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For so many Star Wars fans, Heir To The Empire represents the Episode VII they grew up with. To many more, it represents the sequel they never saw on the screen. But now they can! And you can, too!
To me, there is nothing like Fall. The temperature is near perfect, prime sweatshirt weather, the changing leaves, apple cider, etc. I could go on, but I want to focus on what makes Fall special: Halloween. Some people like to binge Friday the 13th, Halloween, Nightmare on Elm Street, or even the Saw franchise. Me personally, I watch the old black and white horror movies. One that is on my favorites list is 1931’s Frankenstein. Frankenstein (the book) has been around for 202 years. For two centuries people have known the story of Victor Frankenstein and what happens when he decided to play God. However, what is interesting, and at times odd, is the forms it has had in all sorts of media
Let’s go to the year 1818. In this year Mary Shelly published the book Frankenstein. Some critics loved the book, and others hated it, calling the author (who they assumed was male) a “mad man” and “not as mad as the main character”. Jump ahead a couple years, 1823 to be exact, and there is already a musical about it. Seriously! A man by the name of H.M. Milner beat the 2009 musical by 186 years! Called The Demon of Switzerland, the musical portrays Victor not as a university student, but as a doctor who is already quite accomplished and wants to make further medical discoveries.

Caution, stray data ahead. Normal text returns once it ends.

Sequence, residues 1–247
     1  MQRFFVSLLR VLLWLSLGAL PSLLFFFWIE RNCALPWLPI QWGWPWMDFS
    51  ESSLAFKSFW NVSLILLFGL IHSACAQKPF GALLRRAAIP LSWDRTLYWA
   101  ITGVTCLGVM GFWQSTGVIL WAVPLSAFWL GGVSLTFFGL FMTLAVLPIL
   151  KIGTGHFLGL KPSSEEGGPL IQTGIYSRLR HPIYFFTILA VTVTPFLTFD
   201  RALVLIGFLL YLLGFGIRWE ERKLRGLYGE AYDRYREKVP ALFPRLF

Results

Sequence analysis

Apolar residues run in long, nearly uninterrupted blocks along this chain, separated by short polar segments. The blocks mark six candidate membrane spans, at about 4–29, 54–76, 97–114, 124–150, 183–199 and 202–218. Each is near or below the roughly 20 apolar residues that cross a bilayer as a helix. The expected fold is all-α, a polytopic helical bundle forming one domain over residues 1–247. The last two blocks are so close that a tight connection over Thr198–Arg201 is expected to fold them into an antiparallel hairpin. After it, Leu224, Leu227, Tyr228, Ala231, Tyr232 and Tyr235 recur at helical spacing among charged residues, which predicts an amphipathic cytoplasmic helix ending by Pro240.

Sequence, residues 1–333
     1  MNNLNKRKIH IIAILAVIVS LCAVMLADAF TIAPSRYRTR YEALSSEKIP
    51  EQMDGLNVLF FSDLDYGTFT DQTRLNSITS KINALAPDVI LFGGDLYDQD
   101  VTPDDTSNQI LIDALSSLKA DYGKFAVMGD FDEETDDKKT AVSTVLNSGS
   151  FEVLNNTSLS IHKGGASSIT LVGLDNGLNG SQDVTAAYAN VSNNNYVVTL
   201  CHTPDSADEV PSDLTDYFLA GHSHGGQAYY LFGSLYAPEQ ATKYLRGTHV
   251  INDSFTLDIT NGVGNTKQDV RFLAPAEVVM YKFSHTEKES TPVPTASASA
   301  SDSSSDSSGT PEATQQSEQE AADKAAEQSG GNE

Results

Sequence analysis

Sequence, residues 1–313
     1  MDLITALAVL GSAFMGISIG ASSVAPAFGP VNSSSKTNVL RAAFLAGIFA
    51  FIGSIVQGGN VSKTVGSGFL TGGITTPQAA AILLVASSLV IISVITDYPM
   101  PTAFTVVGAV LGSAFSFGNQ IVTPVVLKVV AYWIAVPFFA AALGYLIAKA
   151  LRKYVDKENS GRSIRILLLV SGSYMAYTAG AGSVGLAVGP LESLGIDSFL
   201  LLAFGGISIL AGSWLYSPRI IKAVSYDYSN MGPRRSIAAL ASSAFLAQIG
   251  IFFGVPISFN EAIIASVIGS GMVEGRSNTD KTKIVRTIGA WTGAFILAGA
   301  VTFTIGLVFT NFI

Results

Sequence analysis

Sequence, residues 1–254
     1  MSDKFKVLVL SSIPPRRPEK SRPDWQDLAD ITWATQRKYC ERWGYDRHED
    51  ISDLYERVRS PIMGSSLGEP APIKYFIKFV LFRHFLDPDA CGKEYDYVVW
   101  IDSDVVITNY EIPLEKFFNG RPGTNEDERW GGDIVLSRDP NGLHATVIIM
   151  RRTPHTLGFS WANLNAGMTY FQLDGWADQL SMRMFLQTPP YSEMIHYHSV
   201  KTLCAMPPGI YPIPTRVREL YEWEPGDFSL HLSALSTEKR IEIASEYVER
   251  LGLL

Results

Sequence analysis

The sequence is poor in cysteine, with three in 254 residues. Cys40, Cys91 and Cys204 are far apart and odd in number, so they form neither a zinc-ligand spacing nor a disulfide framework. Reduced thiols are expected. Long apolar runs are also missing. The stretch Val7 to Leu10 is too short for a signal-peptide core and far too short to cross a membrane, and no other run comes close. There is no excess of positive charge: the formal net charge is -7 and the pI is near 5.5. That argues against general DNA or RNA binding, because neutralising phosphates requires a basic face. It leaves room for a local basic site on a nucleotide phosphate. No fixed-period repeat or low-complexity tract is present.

As times changed and evolved, so did the Monster. On March 18th, 1910 the very first Frankenstein movie was shown called Frankenstein. It was a silent film and was only fifteen minutes long. The next big movie of Frankenstein would be in 1931 with Universal’s Frankenstein with Boris Karloff as the Monster. What this movie did was something we always associate with Frankenstein nowadays. The famous bolt of lightning that brought the Monster to life? That started here, since the book never says HOW Victor brought the Monster to life. Igor also started in this film. In the book, Victor was a recluse while making the Monster. After this movie, it got a sequel called The Bride of Frankenstein. Eventually, some of the Frankenstein movies got absurd. There is a 1966 movie called Jesse James meets Frankenstein’s Daughter. I am not even joking. It is pitched as: “Roaring Guns Against a Roaring Monster”.
Now, the big screen isn’t the only place Frankenstein thrived. Frankenstein’s Monster, or Frankenstein like Monsters have been in shows like: The Addams Family, The Munsters, X-Files, Once Upon a Time. Even comedians Bud Abbot and Lou Costello, they did the Who’s on First skit, had a run in with the Monster. Frankenstein and his Monster was still apparent in theaters with films like Young Frankenstein and The Rocky Horror Picture Show.
There are some depictions of Frankenstein and his Monster that have been…unique to say the least. There have been several X Rated Frankenstein movies. I will not go into more detail, (this is ALL ages of geeks after all) however, if it could not get weirder, it does. A director for one of these movies was Andy Worhal. Yes, the painter Andy Worhal made an X rated Frankenstein movie.
A more innocent version of Frankenstein also exists. Hana-Barbara made a Frankenstein cartoon called Frankenstein Jr. and the Impossibles. In this version Frankenstein (the Monster) was a robot that would fight supervillains. There is also the times it has appeared in Scooby-Doo several times, since it (Frankenstein) is public domain. There is also the Frankenberry cereal that comes out around October every year. Then there’s the Monster High dolls which has a Frankenstein teen girl, named Frankie Stein, as one of the characters. Then there’s the live action and stop motion versions of Frankenweenie, where a boy reanimates his dog. Frankenstein has also become a pop culture icon with action figures, models, video games, comics, stamps, been on the cover of the 89th issue of MAD, and has even been available in Lego form.